Athletics: Great time at Great Eastern Women's Run

From top: Participants commencing the 21.1km half-marathon at the Great Eastern Women's Run 2016 yesterday. Pacers with balloons, tutus and multi-coloured socks waiting at the start point before the race. Jo Un Ok of North Korea crossing the finish l
Participants commencing the 21.1km half-marathon at the Great Eastern Women’s Run 2016 yesterday.ST PHOTO: MARK CHEONG
From top: Participants commencing the 21.1km half-marathon at the Great Eastern Women's Run 2016 yesterday. Pacers with balloons, tutus and multi-coloured socks waiting at the start point before the race. Jo Un Ok of North Korea crossing the finish l
Pacers with balloons, tutus and multi-coloured socks waiting at the start point before the race.ST PHOTO: MARK CHEONG
From top: Participants commencing the 21.1km half-marathon at the Great Eastern Women's Run 2016 yesterday. Pacers with balloons, tutus and multi-coloured socks waiting at the start point before the race. Jo Un Ok of North Korea crossing the finish l
Jo Un Ok of North Korea crossing the finish line to win the elite category.ST PHOTO: MARK CHEONG

Olympians grace event which serves to raise awareness for women's health and wellbeing

Filipino distance runner Mary Joy Tabal cried for a week because she was disappointed after finishing 124th out of 133 competitors in the women's marathon at the Rio Olympic Games.

But Tabal was all smiles after completing the half-marathon at the Great Eastern Women's Run yesterday, even though her seventh-place finish out of 15 elite runners was three places below her position at last year's event.

The 27-year-old, who finished the race in 1hr 25min 8sec on a cool, breezy morning at The Float@Marina Bay, told The Straits Times: "I am happy even though (my position) was lower than last year's, but this is my first race after Rio so I expected it to be tough.

"It was a good competition, and when I crossed the finish line, I felt the greatness of competing with the other Olympians and the rest of Asia's elite runners."

Tabal, who is the Philippines' first Olympic marathon runner, says she gets inspiration from North Koreans Jo Un Ok and Kim Hye Song, who were first and second respectively in the elite category.

"It was really hard for me to catch up with them. But when I saw the way they pushed themselves during the race, I felt encouraged and inspired to do more so that I can do better in my next races," she added.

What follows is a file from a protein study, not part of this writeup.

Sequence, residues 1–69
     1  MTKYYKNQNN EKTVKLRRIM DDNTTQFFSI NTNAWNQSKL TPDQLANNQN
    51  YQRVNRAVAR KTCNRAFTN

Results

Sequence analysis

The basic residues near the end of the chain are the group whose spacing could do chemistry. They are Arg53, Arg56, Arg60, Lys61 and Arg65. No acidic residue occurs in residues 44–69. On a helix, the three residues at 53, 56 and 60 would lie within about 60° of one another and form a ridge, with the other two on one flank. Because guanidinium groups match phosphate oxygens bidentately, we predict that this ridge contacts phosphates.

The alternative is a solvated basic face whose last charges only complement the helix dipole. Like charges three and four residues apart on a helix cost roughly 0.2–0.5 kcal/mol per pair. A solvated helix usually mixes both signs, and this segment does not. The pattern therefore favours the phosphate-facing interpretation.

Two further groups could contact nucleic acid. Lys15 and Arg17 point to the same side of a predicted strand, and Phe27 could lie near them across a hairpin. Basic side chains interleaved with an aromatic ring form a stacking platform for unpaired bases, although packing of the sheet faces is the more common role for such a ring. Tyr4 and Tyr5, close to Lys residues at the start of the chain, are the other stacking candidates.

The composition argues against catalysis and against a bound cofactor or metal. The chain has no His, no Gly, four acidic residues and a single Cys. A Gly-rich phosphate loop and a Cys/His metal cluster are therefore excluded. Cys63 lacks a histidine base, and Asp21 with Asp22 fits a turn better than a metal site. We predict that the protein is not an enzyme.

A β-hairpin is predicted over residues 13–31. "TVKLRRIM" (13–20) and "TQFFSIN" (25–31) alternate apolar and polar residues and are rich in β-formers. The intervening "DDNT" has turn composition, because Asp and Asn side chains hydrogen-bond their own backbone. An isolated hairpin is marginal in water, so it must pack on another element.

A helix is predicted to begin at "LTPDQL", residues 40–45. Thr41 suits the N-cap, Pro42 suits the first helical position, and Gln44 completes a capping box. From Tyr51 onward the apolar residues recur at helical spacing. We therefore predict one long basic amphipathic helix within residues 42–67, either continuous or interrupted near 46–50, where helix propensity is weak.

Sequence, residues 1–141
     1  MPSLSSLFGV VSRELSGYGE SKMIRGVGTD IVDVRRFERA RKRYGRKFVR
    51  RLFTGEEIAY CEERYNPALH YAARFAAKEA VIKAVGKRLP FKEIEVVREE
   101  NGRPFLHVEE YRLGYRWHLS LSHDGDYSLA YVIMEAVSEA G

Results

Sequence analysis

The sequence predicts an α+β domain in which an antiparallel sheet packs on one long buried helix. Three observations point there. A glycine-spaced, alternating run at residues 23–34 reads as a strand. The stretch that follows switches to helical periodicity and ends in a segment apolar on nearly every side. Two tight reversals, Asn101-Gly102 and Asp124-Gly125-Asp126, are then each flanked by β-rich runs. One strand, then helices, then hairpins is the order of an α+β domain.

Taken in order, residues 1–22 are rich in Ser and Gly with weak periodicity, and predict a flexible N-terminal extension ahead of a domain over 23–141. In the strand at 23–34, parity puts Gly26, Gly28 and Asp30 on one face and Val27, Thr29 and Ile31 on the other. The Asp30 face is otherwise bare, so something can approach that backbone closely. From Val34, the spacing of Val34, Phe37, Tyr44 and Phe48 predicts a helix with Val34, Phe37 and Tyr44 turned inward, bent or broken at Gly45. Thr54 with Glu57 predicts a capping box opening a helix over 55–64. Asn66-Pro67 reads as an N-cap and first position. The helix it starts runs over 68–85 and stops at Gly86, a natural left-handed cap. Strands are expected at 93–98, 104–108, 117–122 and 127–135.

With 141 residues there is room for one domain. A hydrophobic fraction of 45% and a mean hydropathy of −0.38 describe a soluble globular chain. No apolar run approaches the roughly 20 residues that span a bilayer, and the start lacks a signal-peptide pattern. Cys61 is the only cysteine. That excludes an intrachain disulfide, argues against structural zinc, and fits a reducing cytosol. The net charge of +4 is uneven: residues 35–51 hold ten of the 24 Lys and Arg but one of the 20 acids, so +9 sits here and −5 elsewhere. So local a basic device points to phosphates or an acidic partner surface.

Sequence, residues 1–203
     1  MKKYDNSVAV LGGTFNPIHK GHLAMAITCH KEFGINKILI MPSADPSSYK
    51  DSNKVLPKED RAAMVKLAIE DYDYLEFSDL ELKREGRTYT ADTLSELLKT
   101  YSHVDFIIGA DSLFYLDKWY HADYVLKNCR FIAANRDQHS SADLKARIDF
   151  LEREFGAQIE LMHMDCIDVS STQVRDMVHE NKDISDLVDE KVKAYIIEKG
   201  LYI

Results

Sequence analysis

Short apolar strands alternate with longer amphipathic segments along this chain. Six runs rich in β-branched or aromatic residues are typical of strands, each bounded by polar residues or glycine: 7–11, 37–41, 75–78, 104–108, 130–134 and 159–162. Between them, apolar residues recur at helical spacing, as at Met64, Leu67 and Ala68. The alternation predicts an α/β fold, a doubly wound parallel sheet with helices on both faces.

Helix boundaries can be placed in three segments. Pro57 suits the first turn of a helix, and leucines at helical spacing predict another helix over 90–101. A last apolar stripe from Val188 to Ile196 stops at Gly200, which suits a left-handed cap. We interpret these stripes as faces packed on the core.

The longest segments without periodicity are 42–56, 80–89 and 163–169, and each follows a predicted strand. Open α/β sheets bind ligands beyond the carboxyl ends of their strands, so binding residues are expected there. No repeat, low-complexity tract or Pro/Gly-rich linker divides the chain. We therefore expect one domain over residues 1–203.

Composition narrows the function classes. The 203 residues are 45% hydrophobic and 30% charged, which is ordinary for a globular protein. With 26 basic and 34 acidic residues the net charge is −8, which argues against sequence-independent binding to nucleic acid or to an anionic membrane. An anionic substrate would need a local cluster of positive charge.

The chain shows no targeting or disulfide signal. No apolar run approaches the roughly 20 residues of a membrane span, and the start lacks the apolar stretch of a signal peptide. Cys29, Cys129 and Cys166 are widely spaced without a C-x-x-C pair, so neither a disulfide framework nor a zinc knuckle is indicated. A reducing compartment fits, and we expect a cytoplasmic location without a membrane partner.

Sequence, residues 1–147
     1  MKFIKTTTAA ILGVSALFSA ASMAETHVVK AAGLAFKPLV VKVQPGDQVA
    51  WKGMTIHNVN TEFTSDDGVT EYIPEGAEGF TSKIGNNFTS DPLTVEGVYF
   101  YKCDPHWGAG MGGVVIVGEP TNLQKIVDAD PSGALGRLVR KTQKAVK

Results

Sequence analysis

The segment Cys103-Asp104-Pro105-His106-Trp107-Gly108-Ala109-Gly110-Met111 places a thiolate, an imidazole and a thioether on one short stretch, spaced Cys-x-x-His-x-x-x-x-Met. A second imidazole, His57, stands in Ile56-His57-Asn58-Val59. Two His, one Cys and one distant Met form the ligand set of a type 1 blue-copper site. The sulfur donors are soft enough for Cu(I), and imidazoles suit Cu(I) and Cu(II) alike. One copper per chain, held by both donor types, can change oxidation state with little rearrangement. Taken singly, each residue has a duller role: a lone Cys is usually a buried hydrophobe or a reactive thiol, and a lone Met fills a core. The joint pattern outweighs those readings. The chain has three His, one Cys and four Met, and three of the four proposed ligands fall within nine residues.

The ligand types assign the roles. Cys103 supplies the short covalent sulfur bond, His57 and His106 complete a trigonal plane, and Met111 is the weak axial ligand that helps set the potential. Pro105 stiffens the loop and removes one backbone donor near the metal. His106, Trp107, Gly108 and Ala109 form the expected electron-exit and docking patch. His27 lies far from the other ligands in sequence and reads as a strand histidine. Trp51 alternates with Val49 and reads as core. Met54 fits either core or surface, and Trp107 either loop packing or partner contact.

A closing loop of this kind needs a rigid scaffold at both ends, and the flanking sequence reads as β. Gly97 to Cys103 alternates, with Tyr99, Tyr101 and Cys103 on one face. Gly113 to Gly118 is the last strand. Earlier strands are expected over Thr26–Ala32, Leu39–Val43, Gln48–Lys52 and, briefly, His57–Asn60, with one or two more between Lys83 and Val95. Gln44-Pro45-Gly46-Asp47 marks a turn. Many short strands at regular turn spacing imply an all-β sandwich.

Other Olympians yesterday included Singapore's Neo Jie Shi, Cambodia's Nary Ly, Kyrgyzstan's Iuliia Andreeva and Kazakhstan's Gulzhanat Zhanatbek.

Jasmine Goh was the top local finisher in the elite open category, clocking a new personal best of 1:27.18. The 37-year-old, who took home a trophy and $3,500 for her effort, had initially trailed behind two of her competitors.

"They were in front of me and I was telling myself to just run my race, because we're ultimately just here to be pitted against ourselves," she said.

Emphasising that yesterday's victory was a bonus, the financial consultant added: "I always think it's not the best athlete who wins, but the best-prepared one."

Almost 15,000 women took part in yesterday's event, which is now in its 11th year, and it was indeed a happy morning for most of them.

They shook hands and exchanged high fives with one another as they crossed the finish line, with some runners donning tutus to raise funds for the Breast Cancer Foundation and Women's Health Research and Education Fund.

First-time participant Cecilia Wong was one of those who sported a tutu during the individual half-marathon. "(This run) is about women supporting one another, and about feeling empowered from this support," said the 40-year-old innovation planner.

Apart from the half-marathon, participants also ran the 5km and 10km races, the latter being flagged off by Minister for Culture, Community and Youth Grace Fu.

The 100m Princess Dash for girls aged three to nine made its return after a successful debut last year.

Said Keith Chia, Great Eastern's head of group brand and customer experience group marketing: "We were very encouraged by the positive feedback of the (Princess Dash) and we feel it's something good to continue as it really helps to spread the message of wellness at a young age, and to inculcate healthy running habits from young.

"As a life company, we hope to inspire women from all walks of life to live great and live healthy for themselves and their loved ones."

A version of this article appeared in the print edition of The Straits Times on November 14, 2016, with the headline 'Great time at Great Eastern Women's Run'. Print Edition | Subscribe